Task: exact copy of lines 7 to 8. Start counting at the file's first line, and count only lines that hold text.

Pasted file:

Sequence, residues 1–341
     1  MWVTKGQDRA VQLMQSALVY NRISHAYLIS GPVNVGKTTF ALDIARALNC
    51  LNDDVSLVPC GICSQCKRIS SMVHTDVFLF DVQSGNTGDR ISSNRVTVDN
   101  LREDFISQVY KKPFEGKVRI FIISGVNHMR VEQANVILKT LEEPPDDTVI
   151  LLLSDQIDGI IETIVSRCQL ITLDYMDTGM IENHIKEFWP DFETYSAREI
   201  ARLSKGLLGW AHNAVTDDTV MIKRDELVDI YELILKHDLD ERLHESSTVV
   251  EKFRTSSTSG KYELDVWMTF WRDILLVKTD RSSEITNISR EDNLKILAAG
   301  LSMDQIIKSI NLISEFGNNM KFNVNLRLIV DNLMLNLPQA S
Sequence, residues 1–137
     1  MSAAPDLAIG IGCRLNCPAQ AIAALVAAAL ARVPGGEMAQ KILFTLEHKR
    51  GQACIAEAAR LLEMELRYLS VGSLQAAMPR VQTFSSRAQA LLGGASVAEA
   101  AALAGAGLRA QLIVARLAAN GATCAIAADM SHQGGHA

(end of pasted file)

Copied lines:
   251  EKFRTSSTSG KYELDVWMTF WRDILLVKTD RSSEITNISR EDNLKILAAG
   301  LSMDQIIKSI NLISEFGNNM KFNVNLRLIV DNLMLNLPQA S